Most performers have the Cliff Richard Syndrome in wanting to appear much younger than they are but this has the makings of an unlikely trend: that is, performers who are reaching advanced years and, in words of Tom Russell, are finding that “old age is everything it’s cracked up to be.” You don’t retire – ask the politician Ming Campbell: ask the jazz singer George Melly, who is almost 80 and still performing. Al Martino toured the UK last year and in June we’ll see Mickey Rooney. No doubt about it: being old is the new cool. Brenda Lee could make a comeback and LeAnn Rimes’ getting worried.
Tom Russell’s last release was an ambitious, concept album, Hotwalker, but this time he is baring his soul as he reveals how he feels as he approaches 60. When he was interviewed for CMP in August 2004, he said, “If you are in a relationship and you love somebody, you would like it to last eternally. That never seems to happen with me, but you learn something new with every relationship.” His new songs, All The Fine Young Ladies, It Goes Away and K.C. Violin came out of that. Now we have those songs and several more in Love And Fear.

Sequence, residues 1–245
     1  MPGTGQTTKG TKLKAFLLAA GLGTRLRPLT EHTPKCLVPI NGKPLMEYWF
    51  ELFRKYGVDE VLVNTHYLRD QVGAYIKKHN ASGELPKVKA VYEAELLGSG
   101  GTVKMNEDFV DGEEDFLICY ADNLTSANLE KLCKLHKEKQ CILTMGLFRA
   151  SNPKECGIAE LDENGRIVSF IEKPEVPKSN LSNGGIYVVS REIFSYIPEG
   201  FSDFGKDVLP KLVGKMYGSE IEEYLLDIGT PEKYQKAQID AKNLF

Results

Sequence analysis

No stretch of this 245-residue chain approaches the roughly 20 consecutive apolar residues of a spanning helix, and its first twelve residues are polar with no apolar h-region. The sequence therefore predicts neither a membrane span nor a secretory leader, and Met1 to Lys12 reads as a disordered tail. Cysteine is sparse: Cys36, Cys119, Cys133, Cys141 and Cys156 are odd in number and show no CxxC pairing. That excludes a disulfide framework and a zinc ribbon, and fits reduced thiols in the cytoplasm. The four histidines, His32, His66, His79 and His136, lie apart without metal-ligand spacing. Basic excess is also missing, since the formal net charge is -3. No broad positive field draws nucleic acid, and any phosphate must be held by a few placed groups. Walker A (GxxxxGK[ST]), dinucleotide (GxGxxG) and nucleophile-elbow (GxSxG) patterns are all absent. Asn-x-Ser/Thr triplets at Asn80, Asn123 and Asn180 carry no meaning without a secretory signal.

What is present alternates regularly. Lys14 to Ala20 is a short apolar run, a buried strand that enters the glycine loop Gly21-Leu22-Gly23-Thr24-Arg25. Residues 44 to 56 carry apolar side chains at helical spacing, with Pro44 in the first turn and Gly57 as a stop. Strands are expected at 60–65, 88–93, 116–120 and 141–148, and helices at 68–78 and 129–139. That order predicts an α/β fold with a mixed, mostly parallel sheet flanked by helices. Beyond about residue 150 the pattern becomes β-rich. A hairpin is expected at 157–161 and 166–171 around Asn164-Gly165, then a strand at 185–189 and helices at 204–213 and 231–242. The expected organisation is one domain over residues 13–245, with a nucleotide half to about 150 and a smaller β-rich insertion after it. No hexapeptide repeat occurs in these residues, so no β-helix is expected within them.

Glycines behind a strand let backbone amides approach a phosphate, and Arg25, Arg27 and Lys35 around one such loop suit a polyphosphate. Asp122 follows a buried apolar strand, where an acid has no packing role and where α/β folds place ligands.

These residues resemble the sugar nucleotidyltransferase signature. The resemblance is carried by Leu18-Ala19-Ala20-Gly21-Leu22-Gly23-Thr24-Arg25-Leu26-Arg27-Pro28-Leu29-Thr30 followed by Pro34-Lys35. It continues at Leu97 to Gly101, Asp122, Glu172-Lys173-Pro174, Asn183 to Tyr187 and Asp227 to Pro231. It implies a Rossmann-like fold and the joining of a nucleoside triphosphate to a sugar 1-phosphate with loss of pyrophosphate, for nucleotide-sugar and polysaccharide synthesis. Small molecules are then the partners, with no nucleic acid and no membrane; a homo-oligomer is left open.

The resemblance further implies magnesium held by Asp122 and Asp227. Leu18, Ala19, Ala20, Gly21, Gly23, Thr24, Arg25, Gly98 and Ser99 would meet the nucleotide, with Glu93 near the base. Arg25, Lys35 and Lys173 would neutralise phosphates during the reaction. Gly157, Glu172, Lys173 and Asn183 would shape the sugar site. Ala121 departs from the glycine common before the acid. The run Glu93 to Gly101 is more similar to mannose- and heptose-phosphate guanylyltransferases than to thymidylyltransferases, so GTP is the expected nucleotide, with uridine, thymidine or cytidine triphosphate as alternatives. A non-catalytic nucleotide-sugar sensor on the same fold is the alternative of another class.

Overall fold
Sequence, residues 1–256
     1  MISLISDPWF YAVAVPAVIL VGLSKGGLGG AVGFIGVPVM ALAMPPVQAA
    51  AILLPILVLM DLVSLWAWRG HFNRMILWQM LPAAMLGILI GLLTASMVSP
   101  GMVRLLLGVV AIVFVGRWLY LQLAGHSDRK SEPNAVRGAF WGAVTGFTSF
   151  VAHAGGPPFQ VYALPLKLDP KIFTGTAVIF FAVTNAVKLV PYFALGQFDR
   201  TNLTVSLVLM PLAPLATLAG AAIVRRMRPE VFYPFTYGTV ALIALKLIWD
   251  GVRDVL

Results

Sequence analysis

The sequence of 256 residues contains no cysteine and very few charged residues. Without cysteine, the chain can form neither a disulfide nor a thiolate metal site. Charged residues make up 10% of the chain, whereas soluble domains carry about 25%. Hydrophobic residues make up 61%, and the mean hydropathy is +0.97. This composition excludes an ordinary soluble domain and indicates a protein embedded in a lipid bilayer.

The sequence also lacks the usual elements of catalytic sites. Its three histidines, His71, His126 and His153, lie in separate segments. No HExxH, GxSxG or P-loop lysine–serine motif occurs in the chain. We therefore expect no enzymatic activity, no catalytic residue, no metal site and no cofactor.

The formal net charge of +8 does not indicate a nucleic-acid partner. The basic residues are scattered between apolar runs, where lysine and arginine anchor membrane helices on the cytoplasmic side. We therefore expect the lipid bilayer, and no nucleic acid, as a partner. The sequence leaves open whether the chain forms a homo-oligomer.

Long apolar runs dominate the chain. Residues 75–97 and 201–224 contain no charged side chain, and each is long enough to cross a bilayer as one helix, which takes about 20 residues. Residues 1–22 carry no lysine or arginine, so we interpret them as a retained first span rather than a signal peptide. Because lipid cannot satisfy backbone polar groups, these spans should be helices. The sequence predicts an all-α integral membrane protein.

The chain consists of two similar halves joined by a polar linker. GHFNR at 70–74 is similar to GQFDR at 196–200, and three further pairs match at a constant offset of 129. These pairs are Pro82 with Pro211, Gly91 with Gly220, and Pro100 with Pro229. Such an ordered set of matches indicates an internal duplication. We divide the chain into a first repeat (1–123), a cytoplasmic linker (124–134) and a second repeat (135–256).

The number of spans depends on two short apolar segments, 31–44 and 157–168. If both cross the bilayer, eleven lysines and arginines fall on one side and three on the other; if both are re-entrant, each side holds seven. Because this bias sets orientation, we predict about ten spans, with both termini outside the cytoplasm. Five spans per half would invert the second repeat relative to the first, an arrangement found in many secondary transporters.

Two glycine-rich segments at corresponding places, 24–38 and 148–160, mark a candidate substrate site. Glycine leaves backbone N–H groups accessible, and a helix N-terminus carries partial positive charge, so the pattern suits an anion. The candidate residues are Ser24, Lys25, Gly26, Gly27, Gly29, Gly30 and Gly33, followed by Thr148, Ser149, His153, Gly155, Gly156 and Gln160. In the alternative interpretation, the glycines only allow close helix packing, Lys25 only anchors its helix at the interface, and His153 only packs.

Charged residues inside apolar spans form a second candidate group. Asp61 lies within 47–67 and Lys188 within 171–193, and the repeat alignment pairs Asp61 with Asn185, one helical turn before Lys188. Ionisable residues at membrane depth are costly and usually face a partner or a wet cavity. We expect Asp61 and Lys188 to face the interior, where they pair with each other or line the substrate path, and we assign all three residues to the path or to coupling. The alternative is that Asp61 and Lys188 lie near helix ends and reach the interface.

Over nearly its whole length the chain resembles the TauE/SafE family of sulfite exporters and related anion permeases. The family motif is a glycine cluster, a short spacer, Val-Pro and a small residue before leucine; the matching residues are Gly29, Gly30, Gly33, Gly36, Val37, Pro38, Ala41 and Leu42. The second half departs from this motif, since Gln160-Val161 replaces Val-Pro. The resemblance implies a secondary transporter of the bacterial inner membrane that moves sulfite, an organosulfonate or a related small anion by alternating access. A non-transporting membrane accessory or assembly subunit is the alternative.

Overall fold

Put on the album and straightaway you are in Tom Russell’s world. We find him waking up, doing his sit-ups, and wondering why he takes vitamins when he is filling himself with alcohol and caffeine. The photos of his former girlfriends are on the fridge door are laughing at him. He was once a heavyweight champ but now he is reduced to “Back street affairs in watertank towns.”
Russell writes about looking for a relationship with a 25 year old in Beautiful Trouble and his time with Elena Fremerman, the violinist with Hot Club of Cowtown, is chronicled in K.C.Violin. Both K.C. Violin and All The Fine Young Ladies describe how drinking can ruin a relationship: “Most of them quit drinking, they left it up to me.” In It Goes Away, he recognises how hurt has been resolved with time.